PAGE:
Pilot 3: School Food Waste Education

Food Rescue MAINE has collaborated with teachers across Maine both to create and compile educational material for young students. We currently have material available for preschool and ages k-5. We will soon add the high school food system curriculum to our website as well.


  1. To create a fun and engaging elementary curriculum vetted by Maine teachers.
  2. To engage Maine’s youth in food system education, hopefully impacting their lives and the lives of their families and communities.


  1. In order to bring this curriculum to k-5 programs in Maine, we first had to learn from school teachers about what they needed.
  2. We worked with EcoMaine to develop lesson plans, worksheets, and take-home materials for the classroom.
  3. These material were tested in the classroom and eventually added to a curriculum plan.
  4. The materials were eventually compiled by a student intern, along with other expert materials outside of our organization, such as a slideshow created by World Wildlife Foundations and several other examples.
  5. We reviewed and revised this material with many educators and students across the state.
  6. Throughout this process, we worked with amazing teachers like Anna Franceschetti, a garden teacher from the Geral E. Talbot Community School in Portland. Anna has been working with a combination of her own vetted food system lessons, along with the special program curriculum that we created based on her ideas.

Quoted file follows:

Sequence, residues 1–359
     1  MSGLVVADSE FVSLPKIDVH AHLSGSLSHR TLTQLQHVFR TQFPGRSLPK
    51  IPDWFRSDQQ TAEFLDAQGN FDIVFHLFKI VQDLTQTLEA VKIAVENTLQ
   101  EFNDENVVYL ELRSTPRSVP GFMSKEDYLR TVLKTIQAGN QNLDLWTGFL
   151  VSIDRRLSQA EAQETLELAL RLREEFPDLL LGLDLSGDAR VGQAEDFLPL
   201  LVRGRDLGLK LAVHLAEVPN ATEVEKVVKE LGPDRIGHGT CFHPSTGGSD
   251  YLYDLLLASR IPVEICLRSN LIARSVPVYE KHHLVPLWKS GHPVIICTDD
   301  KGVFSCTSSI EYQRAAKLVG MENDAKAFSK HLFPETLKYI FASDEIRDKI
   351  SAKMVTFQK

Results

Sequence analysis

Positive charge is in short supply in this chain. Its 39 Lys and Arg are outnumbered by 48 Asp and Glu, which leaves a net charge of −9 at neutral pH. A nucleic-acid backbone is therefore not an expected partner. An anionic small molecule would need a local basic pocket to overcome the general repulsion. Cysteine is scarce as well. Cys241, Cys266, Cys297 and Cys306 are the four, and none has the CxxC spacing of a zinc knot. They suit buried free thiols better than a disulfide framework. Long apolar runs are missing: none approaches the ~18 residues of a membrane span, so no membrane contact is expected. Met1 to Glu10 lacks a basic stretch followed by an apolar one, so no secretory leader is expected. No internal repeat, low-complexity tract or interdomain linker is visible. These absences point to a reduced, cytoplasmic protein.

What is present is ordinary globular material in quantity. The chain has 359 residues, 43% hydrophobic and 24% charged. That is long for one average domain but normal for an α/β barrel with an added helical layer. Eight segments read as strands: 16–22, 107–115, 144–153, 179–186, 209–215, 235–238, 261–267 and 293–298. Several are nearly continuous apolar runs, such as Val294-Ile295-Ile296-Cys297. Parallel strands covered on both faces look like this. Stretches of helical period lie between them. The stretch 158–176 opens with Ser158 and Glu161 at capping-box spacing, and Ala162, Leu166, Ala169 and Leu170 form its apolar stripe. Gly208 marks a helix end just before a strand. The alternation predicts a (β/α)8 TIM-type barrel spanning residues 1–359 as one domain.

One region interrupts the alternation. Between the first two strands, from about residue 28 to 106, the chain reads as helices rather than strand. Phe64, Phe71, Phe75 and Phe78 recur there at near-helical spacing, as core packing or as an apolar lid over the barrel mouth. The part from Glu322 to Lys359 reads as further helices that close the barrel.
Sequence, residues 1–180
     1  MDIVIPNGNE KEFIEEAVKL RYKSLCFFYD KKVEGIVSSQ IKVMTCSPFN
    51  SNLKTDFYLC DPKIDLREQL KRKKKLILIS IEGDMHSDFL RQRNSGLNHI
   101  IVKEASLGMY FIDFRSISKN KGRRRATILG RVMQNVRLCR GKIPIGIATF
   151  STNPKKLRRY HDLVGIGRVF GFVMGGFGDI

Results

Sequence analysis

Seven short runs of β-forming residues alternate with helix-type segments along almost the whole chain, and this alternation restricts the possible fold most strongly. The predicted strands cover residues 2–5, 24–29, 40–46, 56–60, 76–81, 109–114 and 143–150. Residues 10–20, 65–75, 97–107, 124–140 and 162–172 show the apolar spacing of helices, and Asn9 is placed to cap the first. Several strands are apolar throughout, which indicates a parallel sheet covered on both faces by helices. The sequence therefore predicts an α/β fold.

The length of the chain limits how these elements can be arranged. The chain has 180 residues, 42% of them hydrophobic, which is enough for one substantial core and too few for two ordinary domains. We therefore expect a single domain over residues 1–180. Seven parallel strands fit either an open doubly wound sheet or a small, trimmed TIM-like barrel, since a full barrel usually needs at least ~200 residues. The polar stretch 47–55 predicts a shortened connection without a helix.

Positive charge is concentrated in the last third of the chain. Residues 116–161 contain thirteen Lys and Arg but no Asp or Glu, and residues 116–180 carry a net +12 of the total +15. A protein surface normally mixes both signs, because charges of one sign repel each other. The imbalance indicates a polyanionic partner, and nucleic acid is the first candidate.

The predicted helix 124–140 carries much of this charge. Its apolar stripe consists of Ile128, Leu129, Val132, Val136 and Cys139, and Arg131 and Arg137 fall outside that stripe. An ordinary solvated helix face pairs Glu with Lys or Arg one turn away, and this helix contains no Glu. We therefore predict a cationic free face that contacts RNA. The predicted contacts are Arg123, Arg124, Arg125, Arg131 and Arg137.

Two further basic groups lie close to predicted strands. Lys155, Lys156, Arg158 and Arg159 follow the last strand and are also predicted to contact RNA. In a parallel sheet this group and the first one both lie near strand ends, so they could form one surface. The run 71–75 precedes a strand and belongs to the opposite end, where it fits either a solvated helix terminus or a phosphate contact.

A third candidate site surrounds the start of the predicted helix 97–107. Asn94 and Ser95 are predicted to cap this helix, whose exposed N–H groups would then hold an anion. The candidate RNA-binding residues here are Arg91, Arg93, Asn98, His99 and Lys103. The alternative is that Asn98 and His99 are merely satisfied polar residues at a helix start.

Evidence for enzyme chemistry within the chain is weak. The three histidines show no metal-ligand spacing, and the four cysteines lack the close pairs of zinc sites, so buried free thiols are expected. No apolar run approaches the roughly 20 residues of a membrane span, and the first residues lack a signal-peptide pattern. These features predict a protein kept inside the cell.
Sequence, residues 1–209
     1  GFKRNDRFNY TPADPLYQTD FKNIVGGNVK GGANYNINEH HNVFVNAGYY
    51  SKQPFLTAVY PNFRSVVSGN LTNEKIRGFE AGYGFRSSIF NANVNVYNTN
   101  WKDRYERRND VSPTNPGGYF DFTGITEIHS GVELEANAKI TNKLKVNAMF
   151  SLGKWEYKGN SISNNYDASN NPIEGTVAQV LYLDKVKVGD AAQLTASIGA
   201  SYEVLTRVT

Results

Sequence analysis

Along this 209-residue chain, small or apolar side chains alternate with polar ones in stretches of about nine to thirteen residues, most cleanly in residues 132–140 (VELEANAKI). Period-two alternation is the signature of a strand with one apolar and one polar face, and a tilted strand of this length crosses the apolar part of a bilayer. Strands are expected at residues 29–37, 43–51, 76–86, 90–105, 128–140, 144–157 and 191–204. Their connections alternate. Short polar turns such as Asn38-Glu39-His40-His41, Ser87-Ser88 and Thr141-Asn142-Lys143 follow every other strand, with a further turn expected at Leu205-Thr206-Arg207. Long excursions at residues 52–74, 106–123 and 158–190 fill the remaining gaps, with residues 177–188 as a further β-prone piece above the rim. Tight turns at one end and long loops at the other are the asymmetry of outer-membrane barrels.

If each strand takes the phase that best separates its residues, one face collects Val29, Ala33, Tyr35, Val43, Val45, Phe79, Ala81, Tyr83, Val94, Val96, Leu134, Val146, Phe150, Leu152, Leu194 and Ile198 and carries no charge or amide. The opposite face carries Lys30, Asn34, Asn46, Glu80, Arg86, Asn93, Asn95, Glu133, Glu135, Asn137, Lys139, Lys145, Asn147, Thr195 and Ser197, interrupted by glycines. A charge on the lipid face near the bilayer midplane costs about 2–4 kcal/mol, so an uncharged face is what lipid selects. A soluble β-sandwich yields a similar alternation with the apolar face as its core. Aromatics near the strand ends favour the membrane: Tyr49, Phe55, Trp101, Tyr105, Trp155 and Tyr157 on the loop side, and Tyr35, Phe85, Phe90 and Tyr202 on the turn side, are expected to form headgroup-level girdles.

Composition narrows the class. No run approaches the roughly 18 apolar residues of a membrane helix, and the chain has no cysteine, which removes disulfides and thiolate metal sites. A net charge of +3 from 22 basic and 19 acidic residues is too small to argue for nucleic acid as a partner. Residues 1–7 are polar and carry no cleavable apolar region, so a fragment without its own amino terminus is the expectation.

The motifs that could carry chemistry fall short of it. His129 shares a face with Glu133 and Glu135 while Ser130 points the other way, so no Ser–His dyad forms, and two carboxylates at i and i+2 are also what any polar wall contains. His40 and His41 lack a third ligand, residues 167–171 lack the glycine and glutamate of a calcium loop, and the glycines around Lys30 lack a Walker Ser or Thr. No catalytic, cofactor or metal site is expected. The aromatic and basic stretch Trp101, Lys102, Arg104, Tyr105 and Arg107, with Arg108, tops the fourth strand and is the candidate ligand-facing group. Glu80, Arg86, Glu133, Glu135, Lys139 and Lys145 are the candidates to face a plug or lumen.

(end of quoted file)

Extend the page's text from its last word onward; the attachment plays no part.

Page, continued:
7. This process of improving our curriculum for Maine students is ongoing, and we look forward to working with more schools in the future.


Anna Franceschetti and her garden classroom students collected 1,452 pounds of food waste in their first year of food waste collection.

With the help of Franceschetti and her students, we were able to finalize the first edition of three different elementary curriculums:

  1. Traditional In-Class Curriculum
  2. Special Program Currciulum
  3. Cafeteria Guide

“We sat together in a circle and listened to the fifth-grade students’ amazing understanding of food waste- They could fully explain the steps of the food recovery hierarchy, and even how the decomposition process in composting works. The students have even created their own ‘garbage to garden-esque’ composting operation where they pick up food scraps from classrooms around the school and measure how much food they rescue from the trash each week. The day that I was there, they actually reached their 1,000 lb. benchmark” – Hannah Mathieu, Student Intern

picture of a fifth grade student from the Gerald E. Talbot Community School in Portland, Maine. Student is weighing a bucket of food waste.

A fifth-grade student weighing food waste collected from classrooms.